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spiritual communion with him. The Psalmist expe.'' rienced in the sanctuary such an intercourse with God as this. There he saw God's power and glory, and felt the communications of divine light and love. This one thing he desired, that he might dwell in the house of the Lord all the days of his life. This was his language, “ Whom have I in heaven but thee?- There is none upon earth that I desire besides thee.-It is good for me to draw near to God. I have put my trust in him."

VI. Another important circumstance of nearness to God, is the presence of his holy Spirit..

The Apostle says, “We have access by the Spirit unto the Father."

The grace of the Spirit was granted, for the support and comfort of good men under the Old Testament. David prays, “ Take not thy holy Spirit from me-uphold me with thy free Spirit.” But under the gospel, which is a ministration of the Spirit, it is more expli. citly promised, and more amply afforded. "God has shed forth the Spirit abundanıly through Jesus Christ." The Spirit not only makes occasional visits to, but takes a stated residence with humble believers. They are his habitation-his temples. They walk in him, and are led by him. By' him they are sanctified, strengthened and comforted. He helps their infirmi. ties in prayer, witnesses to their adoption, and preserves them unto salvation. Christ says to his disciples, “If any man love me, him will my Father love, and we will come and make our abode with him." This spake he of the Spirit, which the Father would send in his name.

Happy is the good Christian in this nearness to God, Sensible of his own weakness, he rejoices in Christ, in whom all fulness dwells, and of whose fulness he may receive even grace for grace. · Paul, when he felt his weakness, found himself strong. He took pleasure in infirmities, because the power of Christ rested upon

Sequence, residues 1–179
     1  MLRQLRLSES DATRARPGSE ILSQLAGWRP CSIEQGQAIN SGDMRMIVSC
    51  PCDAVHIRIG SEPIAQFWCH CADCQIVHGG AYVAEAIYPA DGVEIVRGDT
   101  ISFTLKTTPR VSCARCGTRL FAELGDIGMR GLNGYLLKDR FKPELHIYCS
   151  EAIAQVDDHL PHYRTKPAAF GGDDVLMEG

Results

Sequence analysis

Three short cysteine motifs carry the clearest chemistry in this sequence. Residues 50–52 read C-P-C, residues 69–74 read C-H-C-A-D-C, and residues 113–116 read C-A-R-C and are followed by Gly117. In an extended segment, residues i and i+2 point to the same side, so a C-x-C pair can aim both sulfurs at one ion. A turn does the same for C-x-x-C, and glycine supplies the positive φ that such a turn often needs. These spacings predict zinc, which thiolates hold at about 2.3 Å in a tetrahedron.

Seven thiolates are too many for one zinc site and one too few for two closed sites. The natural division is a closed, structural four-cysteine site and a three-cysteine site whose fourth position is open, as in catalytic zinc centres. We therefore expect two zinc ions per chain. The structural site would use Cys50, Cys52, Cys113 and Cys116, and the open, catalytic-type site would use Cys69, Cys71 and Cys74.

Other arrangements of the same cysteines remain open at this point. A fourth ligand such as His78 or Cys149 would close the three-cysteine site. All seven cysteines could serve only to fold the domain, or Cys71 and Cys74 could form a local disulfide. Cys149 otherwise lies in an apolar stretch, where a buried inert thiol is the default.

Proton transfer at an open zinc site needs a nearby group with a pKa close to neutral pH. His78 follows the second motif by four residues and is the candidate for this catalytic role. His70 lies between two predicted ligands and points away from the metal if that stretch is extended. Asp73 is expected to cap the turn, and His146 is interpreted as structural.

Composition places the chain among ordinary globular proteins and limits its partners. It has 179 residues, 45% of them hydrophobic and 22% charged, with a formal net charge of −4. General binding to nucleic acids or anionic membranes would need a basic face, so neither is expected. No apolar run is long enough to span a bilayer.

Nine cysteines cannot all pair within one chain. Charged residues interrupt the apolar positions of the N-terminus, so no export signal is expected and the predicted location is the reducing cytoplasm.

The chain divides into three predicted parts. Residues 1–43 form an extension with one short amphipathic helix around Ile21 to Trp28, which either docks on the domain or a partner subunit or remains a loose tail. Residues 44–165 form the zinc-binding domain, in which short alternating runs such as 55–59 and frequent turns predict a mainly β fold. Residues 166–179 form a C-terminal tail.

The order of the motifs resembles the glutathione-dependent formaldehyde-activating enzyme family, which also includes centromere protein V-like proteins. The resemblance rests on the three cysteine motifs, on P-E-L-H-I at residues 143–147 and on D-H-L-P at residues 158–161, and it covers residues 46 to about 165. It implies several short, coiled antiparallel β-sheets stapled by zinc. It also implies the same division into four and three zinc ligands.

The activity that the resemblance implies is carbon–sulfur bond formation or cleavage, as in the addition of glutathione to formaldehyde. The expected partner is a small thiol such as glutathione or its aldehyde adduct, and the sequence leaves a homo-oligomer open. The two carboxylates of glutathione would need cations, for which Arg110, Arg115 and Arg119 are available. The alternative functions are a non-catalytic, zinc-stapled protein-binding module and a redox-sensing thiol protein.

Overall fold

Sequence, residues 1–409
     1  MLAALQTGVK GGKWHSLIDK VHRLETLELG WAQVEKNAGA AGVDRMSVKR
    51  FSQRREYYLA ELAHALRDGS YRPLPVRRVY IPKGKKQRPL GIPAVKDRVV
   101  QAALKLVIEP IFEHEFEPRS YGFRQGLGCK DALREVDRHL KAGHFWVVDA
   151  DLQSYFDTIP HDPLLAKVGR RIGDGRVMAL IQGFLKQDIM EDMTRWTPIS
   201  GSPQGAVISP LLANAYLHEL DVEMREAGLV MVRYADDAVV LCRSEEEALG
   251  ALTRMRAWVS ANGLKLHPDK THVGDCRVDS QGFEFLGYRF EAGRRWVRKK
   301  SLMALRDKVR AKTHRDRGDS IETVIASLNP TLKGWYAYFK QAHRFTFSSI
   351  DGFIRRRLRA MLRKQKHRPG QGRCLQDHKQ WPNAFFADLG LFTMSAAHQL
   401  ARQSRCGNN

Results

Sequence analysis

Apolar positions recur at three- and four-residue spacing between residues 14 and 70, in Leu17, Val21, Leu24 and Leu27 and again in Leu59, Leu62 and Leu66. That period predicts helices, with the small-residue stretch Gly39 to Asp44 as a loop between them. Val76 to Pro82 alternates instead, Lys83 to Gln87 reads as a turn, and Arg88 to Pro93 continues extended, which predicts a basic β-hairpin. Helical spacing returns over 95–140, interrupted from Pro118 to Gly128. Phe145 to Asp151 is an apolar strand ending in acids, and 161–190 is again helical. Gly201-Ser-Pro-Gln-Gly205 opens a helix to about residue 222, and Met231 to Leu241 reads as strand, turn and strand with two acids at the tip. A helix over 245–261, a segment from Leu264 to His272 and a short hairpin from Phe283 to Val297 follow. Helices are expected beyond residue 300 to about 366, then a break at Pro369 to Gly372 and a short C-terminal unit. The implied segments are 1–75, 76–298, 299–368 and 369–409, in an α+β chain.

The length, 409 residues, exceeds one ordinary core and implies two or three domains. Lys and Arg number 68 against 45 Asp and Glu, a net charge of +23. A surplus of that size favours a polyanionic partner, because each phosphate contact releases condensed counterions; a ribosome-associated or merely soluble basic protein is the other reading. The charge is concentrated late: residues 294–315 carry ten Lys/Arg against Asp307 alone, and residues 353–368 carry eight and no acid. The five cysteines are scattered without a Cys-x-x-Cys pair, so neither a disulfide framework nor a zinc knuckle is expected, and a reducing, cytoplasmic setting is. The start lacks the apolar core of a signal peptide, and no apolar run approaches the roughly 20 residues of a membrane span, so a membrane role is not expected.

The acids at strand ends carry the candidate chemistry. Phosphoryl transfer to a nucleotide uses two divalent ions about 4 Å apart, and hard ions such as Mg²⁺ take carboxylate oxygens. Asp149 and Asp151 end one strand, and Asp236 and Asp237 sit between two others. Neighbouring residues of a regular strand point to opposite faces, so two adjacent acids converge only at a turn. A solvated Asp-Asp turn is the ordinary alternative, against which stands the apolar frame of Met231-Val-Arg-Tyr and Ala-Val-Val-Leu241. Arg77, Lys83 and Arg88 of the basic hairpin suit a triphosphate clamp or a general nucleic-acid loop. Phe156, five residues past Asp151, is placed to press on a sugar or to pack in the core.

him : He was contented in every state : He knew both how to be abased and how to abound : Through Christ strengthening him he could do all things. When he was crucified with Christ, he was still alive, because Christ lived in him. He acknowledged, that by God's grace he was made what he was ; and he could say, the grace bestowed on him was not in vain. He labored the more abundantly ; yet not he, but the grace of Christ that was with him..

To judge then, whether we have the Spirit dwelling in us, we must inquire, Whether the works of the Spir. it can be found in us. Paul labored abundantly-was ** constant in duty-contented in every condition-hum: ble in his thoughts of himself. We then have the best proof, that the grace of God is with us, when we can trace its happy effects.

I have now opened to you the several circumstances of that nearness to God, which the Apostle mentions as the high privilege of humble Christians.

The first and leading circumstances of this nearness we all enjoy. God's house and worship, his word and ordinances are nigh us. From our childhood we have known the holy scriptures, which are able to make us wise to salvation. Let us give glory to God, who thus has distinguished us from multitudes of our fellow creatures. Let us not, however content ourselves with such a nearness as this ; but improve our favorable condition to a stili greater and more important nearness. We may be made nigh in respect of privileges, and yet remain in our hearts afar off from God. It concerns us to examine, whether we are partakers of God's holiness, conformed to his will, reconciled to his government, and interested in his pardoning grace. If we are enemies in our minds, it concerns us imme. diately to renounce our enmity, and accept that glorious peace, which is purchased by the Son of God.

Let us praise God for the interposition of his Son, who is our peace. His death on the cross is the foun. VOL. III.